Retiring parks and rec director reflects on time in Blaine
Jim Kappelhoff was the oldest of four brothers and took charge when it came to organizing pickup games.They made a small hockey rink in the back yard of their St. Paul home, and Kappelhoff would organize neighborhood kids into tournament brackets when they went to the local city park. They would stay there all day playing sports, come home for dinner and then go back to the park.
“You could count on the fact that there were always enough kids to have a game of either baseball or football or hockey, and that was our entertainment,” Kappelhoff said. “We didn’t have the video games then.”
His family moved to Anoka when he was in ninth grade. After he graduated from Anoka High School in 1972 he never lost his interest in organizing sporting events. It would become a significant part of his early career.
Kappelhoff is retiring Feb. 28 as Blaine’s park and recreation director after having served about six years in that role. Kappelhoff started working part-time as an adult athletics league director for Blaine in 1982. He became the full-time recreation supervisor in 1984 and held that title until longtime parks and recreation director Jim Peterson retired in 2007. He had been with the city for 34 years, including 23 years as the director.
Prior to Blaine, Kappelhoff was a program supervisor in Spring Lake Park’s park and recreation department in 1981 and the recreation programmer for the city of Fridley from 1977 to 1980. After he graduated from Anoka High School, he enlisted in the U.S. Army to get help paying his college tuition under the G.I. Bill. He received an associate of arts degree in recreation leadership in 1972 from North Hennepin Community College and a bachelor of science degree in recreation, parks and leisure studies from the University of Minnesota in 1982.
Mayor Tom Ryan said Kappelhoff and Peterson had the biggest impact on the growth of the Blaine parks program.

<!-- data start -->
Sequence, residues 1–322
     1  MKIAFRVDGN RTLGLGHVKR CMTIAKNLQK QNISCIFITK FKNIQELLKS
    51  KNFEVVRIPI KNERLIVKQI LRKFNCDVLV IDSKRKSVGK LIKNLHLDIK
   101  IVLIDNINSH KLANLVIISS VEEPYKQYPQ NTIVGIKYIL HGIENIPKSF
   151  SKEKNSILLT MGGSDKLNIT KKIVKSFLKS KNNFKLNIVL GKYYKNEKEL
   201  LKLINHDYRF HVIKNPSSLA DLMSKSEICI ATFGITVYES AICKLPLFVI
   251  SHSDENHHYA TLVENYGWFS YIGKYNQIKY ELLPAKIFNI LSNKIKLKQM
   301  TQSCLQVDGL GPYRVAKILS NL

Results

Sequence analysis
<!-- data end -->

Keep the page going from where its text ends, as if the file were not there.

“He grew up with the whole program,” he said of Kappelhoff. “He helped develop it a lot.”
Peterson said Kappelhoff handled the city’s adult athletics programs and was the liaison with youth athletics groups, which included scheduling field use.
Kappelhoff said he set up training programs for the adults volunteering to be coaches of the youth sports teams. He joined the National Youth Sports Coaches Association (NYSCA) and at one point served as a chapter director for this organization. He has served on the advisory committee for the NYSCA since 2002.
Kappelhoff’s father Jim Kappelhoff was Anoka’s park and recreation director from March 1975 through the end of 1979. His father would later become the director of the North Anoka County Emergency (NACE) Food Shelf in East Bethel for about 20 years.
The younger Kappelhoff was drawn to a career in parks and recreation because of his interest in sports and his father’s background. He would find out that the job was much more about sports, however.
“You have to have a passion and a vision about what’s in the future and try to meet that with the needs of the community,” Kappelhoff said.
Blaine has become a more diverse community. According to the 2010 U.S. Census, 84 percent of Blaine’s population is white, 7.8 percent Asian, 3.7 percent African American and 3.2 percent Hispanic or Latino. These are the four largest segments. In 2000, the percentages were 93.9 percent white, 2.5 percent Asian, 0.9 percent black and 1.7 percent Hispanic or Latino.